Understanding Alice Walker (& the Times)

I subscribe to the New York Times Books Briefing (an email newsletter). In today’s email from Times Book Review editor Pamela Paul there is this drily stated bullet point:

Alice Walker recommended an anti-Semitic book in the Book Review’s By the Book column. In the face of public outcry, she defended her choice.

You may have read about Walker’s book recommendation last week. Turning to the article linked in the email, we find Alexandra Alter’s “Alice Walker, Answering Backlash, Praises Anti-Semitic Author as ‘Brave.’”

The headline announces in straightforward fashion that Walker recommended an anti-Semitic book. No argument. No extenuation. No excuse. No context alleged to clarify. This is not the usual treatment that the Times accords to politically correct enemies of the Jewish people such as Walker, author of The Color Purple.

Indeed, Alter’s article is devastating. Discussing the book by the aptly named David Icke, for example, Alter reports:

In the book, Mr. Icke draws on ideas from the anti-Semitic pamphlet “The Protocols of the Elders of Zion,” argues that Holocaust denial should be taught in schools and that Jews are responsible for organizing anti-Semitic attacks, and calls the Talmud a racist document. In other writings, he has posited that a cabal of a child-sacrificing, bloodthirsty lizard people, many of whom are Jewish, are secretly running the world.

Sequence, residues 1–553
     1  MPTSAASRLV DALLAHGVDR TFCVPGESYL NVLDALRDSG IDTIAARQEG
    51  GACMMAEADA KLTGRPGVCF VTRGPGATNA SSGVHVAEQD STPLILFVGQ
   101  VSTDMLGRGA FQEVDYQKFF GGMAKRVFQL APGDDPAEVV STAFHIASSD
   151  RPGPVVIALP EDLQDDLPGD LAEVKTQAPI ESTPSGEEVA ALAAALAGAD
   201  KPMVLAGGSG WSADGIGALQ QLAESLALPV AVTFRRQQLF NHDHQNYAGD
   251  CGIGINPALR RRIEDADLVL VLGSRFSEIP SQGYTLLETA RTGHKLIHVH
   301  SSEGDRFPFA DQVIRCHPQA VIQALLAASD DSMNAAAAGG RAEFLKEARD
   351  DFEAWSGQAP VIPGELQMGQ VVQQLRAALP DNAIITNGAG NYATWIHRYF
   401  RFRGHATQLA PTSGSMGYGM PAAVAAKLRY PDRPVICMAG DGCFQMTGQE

Ms. Walker did not immediately respond to an interview request submitted through her literary agent on Friday. In response to an interview request to Mr. Icke, his son sent a link to a recording of a statement this week in which Mr. Icke denied being an anti-Semite and argued that the criticism amounted to “propaganda against me designed to discredit me and what I’m writing,” but went on to say that “some Jewish people are involved in a global conspiracy.”

Although Walker didn’t respond to an interview request, Alter cited Yair Rosenberg’s Tablet column quoting Walker’s poetry for illumination of the larger pattern:

“The only thing that is accomplished by uncritically disseminating Walker’s bigoted book bon mots is ensuring that the racism is disseminated to more people,” Yair Rosenberg wrote in Tablet.

Mr. Rosenberg and others have noted that Ms. Walker has espoused such ideas before, praising Mr. Icke’s books on her blog, in a BBC interview, and posting a video of one of his lectures on her website.

Critics also cited blatantly anti-Semitic language in her poetry, particularly one titled, “It Is Our (Frightful) Duty to Study the Talmud,” which includes the lines, “Are Goyim (us) meant to be slaves of Jews, and not only/ That, but to enjoy it?”

Alter’s article goes on to cite Walker’s views of Israel that are entirely in tune with the perspective of the Times. It’s part of an old, old story.

What does the Times Book Review have to say for itself? Here Alter quotes Pamela Paul’s lame defense of the Book Review’s inclusion of Walker’s recommendation. I thought that the Times’s best defense might be ignorance, but Paul is sticking with it:

In an interview with the Times’s Reader Center, the editor of the Book Review, Pamela Paul, said that the By the Book column was designed to shed light on a subject’s reading habits and to use books as a window into their views, and should not be construed as an endorsement of their choices.

“When we interview anyone, whether it’s a public official or a foreign leader or an artist, The Times isn’t saying that we approve of the person’s views and actions,” she said. “We’re saying we think the subject is worthy of interviewing; that’s our approach with By the Book.”

What a crew.


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